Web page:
For many of us the first few months of being
clean and sober bring with it difficulties in thinking straight,
problems concentrating, being able to get anything done, and
nightmares. It gets better, eventually. The haze won't vanish
overnight. Your brain and the rest of you need time to recover from the
abuse. The older you are and the younger you were when you started your
journey into hell, the more damage you have done and the more time it
will take to heal. Gradually, if you stay clean, your brain will rewire
itself and your body will gain strength. Your soul and your spirit will
come to life again. The following are some guidelines for dealing with
this time in your recovery:
Your emotions may be, in a way, even more unpredictable
than before you got clean and sober. Don't keep these emotions to
yourself. Share them with your counselor, with a trusted (healthy)
friend, or with your family.
Some things will slow down the healing. Alcohol use, abuse
of drugs other than the one you came into treatment for, poor
nutritional habits, not getting the right amount of sleep, and not
working will definitely slow down or virtually stop the healing process.
Remember your spiritual life. For some, this means praying,
or going to church. For others it may mean a walk in the park,
meditation time, or yoga. For others, it may be either starting or
getting back into a nourishing routine with a support group like NA,
AA, CA, etc. Still others feel that their spirits are refreshed via the
arts, athletics, or music.
Do something! If all you are doing is just not using any
dope, it is very likely you will relapse sooner than later. The road to
recovery is an active journey, not a passive one.
HIV Testing Offered
Almost every Friday, a member of the HEI department from the Greater
Dallas Counsel on Alcohol and Drug Abuse are here to offer free
HIV testing. The test is called "OraQuick Advance." The test is based
on saliva and you get your results in 20 minutes. The test is 99%
accurate. All you do is come in and asked to be tested.
The Three Reasons We Use Drugs
Avoid what we don't want to deal with.
Escape what we are already in and don't want to deal with.
Enhance something about ourselves.
The procedure is called auricular acupuncture. It is helpful for a
variety of issues that affect those with addictions.
Please see your counselor.
WHO SMOKES THE MOST
African American: 21.5%
Native American: 32%
If you are serious about quitting the smoking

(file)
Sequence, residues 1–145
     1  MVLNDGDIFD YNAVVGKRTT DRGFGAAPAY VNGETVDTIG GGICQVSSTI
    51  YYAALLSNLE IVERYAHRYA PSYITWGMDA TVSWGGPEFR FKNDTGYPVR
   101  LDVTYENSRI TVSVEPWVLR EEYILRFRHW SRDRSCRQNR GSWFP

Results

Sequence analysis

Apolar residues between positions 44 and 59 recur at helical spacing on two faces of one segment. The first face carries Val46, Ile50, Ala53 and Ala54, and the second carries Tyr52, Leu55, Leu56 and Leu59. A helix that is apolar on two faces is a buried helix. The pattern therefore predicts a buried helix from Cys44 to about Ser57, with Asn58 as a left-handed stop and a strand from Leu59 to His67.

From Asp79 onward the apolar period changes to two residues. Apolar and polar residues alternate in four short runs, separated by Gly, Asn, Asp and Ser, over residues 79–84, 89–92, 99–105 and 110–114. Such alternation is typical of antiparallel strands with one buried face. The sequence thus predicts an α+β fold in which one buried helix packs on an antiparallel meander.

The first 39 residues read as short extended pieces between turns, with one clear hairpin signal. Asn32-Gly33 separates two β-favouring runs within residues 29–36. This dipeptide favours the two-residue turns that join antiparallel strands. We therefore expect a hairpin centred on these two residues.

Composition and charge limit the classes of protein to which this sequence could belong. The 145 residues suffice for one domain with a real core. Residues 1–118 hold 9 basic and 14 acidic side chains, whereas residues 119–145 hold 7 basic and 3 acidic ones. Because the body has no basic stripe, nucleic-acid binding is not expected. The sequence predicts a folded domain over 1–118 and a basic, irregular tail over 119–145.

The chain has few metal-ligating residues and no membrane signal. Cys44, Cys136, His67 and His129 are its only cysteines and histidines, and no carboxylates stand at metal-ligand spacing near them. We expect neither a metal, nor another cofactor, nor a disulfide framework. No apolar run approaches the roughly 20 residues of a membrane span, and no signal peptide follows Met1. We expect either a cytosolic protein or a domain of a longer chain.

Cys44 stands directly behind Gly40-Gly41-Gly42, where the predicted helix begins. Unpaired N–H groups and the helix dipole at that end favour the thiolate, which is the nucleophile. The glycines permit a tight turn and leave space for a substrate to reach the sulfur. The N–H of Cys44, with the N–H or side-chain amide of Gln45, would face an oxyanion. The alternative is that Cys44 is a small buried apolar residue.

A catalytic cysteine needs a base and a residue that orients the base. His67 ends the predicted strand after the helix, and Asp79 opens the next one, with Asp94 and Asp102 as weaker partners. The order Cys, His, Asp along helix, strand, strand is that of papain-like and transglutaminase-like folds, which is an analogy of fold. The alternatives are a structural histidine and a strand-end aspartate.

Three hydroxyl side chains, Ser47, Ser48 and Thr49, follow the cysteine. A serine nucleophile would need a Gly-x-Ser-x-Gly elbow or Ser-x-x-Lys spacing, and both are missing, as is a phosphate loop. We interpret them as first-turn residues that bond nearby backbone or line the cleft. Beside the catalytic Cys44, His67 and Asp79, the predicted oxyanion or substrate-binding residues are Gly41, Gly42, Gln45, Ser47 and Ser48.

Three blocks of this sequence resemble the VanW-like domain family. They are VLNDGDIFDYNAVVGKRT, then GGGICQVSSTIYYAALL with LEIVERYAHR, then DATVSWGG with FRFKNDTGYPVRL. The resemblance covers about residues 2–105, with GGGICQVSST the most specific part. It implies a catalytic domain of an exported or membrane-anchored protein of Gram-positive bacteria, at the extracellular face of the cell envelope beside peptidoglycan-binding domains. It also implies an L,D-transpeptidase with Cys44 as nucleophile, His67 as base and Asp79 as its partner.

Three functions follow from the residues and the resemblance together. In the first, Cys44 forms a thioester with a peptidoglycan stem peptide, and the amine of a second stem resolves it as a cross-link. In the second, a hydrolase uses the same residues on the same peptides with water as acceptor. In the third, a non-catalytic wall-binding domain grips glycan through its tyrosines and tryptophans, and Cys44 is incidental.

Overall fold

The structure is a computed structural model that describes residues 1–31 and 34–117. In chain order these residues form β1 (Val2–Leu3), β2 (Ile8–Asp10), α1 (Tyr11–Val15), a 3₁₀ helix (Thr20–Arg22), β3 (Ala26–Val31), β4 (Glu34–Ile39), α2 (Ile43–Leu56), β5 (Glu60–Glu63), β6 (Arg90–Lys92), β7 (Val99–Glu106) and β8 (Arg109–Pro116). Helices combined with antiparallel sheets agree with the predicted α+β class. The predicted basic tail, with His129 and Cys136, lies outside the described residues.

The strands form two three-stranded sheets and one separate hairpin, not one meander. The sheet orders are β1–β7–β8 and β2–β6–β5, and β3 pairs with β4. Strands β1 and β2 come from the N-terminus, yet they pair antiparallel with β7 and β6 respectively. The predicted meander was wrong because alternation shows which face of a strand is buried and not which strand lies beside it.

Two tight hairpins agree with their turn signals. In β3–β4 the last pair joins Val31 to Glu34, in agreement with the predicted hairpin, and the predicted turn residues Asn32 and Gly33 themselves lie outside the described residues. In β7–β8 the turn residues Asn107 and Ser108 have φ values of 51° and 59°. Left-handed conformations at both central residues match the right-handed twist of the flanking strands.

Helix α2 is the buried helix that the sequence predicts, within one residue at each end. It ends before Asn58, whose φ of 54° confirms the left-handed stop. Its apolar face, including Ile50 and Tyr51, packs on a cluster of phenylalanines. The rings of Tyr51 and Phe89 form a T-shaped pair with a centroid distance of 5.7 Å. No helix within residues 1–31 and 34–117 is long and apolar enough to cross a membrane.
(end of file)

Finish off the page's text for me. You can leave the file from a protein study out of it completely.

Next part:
habit, talk to your counselor or Dr. McDaniel. We can help if you want
Clinic hours on Saturday are
OA - Overeaters Anonymous
6:00 am to 9:00 am
Closed on Sunday
Problem Gamblers Help-Line
Please remember to bring
SA - Sex/Love Addicts Annon.
your lock boxes.
Come to Group
We are Meeting Every
8:30 AM to 9:15 AM
Up in Smoke!
Smoking is the single most preventable cause of
death in the USA, killing 440,000 Americans per year. Some government
agencies and civic action groups are suggesting a ban on all
advertising of tobacco. There are tools available to help those who
want to stop smoking.
Currently, 44.5 million American adults smoke. Of
them, 70% say they want to quit and an estimated 40% make a serious
effort to quit each year. Only 5% who attempt to quit smoking are
successful. The smoking population in the United States of America
decreased to about 21% in 2004 from 37% in 1970. In 2005 an estimated
2.2% of adult Americans were cigar smokers and 2.3% used smokeless
The World Health Organization estimates that
every eight seconds a person dies of a smoking-related disease.
According to the American Lung Association, smoking costs the economy
over $167 billion in productivity. The following are conclusions in the
2004 report from the Surgeon General:
Smoking harms nearly every organ of the body, causing many
diseases and reducing the health of smokers in general.
The list of diseases caused by smoking has been expanded to
include abdominal aortic aneurysm, acute myeloid leukemia, cataract,
cervical cancer, kidney cancer, pancreatic cancer, pneumonia,
periodontitis, and stomach cancer.
Cigarette smoking causes most of the cases of lung cancer,
close to 90% in men and 80% in women.
Coronary heart disease is the leading cause of death in the
USA and the leading cause of death caused by smoking. Smoking is hard
on the heart.
Respiratory disease is an all too common side effect of
smoking. The occasional smoker's cough is often the first signal of
trouble in the lungs. Chronic bronchitis usually follows; if left
unchecked emphysema can develop.
Seniors face increased risks associated with smoking,
including hip fractures, cataracts, and Chronic Obstructive Pulmonary
Disease (COPD). It is never too late to quit smoking. The health
benefits of cessation start within minutes of the last cigarette.
Smokers have a harder time healing from surgeries and have
more overall health issues than non-smokers.
Smokers create risks for the unborn children. Not only is
smoking toxic to an unborn child, studies have shown that getting
pregnant may be more difficult for smokers.
According to the WHO, less than 7% of smokers who
try to quit on their own achieve more than one year of abstinence and
most relapse within a few days of attempting to quit.
County Health Department is offering screening for sexually transmitted
diseases. The fee is $25. If you can't afford to pay the full
amount, a payment plan can be arranged. Please call before 7:45 AM
to schedule an appointment. 214-819-2000
Helps cleanse your body of toxins. You will feel better. 30 minutes.
Dr. Candace McDaniel
8021 East R.L. Thornton Fwy, Suite A
Dallas, Texas 75228